Judge McCullough said that any changes to Rule 11 would involve the Joint Procedure Committee, while changes to the Rules of Professional Conduct would go through the Attorney Standards Committee.
Anthony Wieler said SBAND has been trying to send out information to explain limited scope representation to increase attorney awareness. Sally Holewa said that past discussion suggests that most attorneys know they can provide limited-scope services, but many attorneys feel uneasy about the subject. Jeanne McLean said that she is in a position to speak to local bar associations on limited-scope services. She has developed model forms including sample agreements for unbundling, sample withdrawal forms, and sample notice to the court and opposing counsel. Judge Foughty suggested sending a notice to the bar of availability to speak on this topic.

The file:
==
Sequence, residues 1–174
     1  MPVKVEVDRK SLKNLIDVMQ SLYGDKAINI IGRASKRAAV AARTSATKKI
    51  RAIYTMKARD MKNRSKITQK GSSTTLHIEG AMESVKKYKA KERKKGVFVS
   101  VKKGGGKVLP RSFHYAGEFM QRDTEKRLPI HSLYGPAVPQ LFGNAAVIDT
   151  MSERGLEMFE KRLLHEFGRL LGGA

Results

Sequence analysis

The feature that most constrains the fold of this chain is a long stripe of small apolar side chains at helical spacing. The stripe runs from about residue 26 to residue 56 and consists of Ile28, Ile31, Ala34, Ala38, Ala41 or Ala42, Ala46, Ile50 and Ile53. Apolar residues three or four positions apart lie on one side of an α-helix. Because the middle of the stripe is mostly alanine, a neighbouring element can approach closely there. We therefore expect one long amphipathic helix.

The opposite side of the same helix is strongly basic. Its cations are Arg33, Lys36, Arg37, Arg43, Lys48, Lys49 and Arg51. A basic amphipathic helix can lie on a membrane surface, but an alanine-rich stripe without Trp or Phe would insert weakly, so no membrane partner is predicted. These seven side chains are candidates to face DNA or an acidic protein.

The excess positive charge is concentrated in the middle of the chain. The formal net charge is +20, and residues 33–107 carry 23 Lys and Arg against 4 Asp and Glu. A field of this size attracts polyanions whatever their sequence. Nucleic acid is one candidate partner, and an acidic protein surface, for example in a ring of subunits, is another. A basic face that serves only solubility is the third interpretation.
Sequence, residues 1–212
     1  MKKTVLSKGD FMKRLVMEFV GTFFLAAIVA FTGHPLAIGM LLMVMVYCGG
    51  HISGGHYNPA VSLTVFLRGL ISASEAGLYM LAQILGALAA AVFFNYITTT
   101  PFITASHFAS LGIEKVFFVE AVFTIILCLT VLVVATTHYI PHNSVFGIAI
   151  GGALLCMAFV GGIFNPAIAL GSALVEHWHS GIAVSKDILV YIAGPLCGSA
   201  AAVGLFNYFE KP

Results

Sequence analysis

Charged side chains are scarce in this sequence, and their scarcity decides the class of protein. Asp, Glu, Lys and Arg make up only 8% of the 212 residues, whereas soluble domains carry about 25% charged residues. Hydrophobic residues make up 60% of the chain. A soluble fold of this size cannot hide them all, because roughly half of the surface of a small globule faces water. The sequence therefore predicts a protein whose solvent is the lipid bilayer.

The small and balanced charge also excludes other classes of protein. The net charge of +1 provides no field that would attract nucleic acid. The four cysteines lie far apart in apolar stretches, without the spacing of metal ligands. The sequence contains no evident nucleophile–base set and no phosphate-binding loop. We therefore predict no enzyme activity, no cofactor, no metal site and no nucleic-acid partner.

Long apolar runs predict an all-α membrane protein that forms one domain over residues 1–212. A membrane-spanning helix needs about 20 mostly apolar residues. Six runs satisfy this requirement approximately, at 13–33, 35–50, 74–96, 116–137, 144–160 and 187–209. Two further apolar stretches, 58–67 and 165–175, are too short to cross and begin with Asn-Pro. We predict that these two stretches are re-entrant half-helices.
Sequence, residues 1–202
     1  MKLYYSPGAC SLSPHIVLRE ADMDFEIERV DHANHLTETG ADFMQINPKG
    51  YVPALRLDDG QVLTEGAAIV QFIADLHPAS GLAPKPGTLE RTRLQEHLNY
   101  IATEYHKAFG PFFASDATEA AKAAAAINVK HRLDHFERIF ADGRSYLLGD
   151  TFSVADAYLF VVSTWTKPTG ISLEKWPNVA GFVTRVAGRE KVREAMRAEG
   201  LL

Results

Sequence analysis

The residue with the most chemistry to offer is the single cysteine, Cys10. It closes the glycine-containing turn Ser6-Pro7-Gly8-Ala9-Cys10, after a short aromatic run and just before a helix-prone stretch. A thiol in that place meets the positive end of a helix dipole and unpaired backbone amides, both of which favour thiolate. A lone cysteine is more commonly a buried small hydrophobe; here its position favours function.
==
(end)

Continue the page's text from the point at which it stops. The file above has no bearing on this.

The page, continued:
Jeanne McLean said she has received many calls from people who are pro se only because they cannot find someone to help them with a small part of their case. Many attorneys seem to think that if they appear the judge will somehow require long-term representation. She clarified that her work does not provide help on the criminal side, though she receives many calls from people with such issues. Members requested a proposed rule consistent with the Nebraska language to be considered at the next meeting and forwarded to the Joint Procedure Committee.
Access to Justice Commission
Sally Holewa provided some background on access to justice commissions. The Conference of Chief Justices has pushed for every state to create a commission at the urging of the ABA and the Department of Justice. Almost thirty states have complied and tasked their access to justice commissions with examining culture, language, age, and disabilities as factors that may affect participation in the legal system.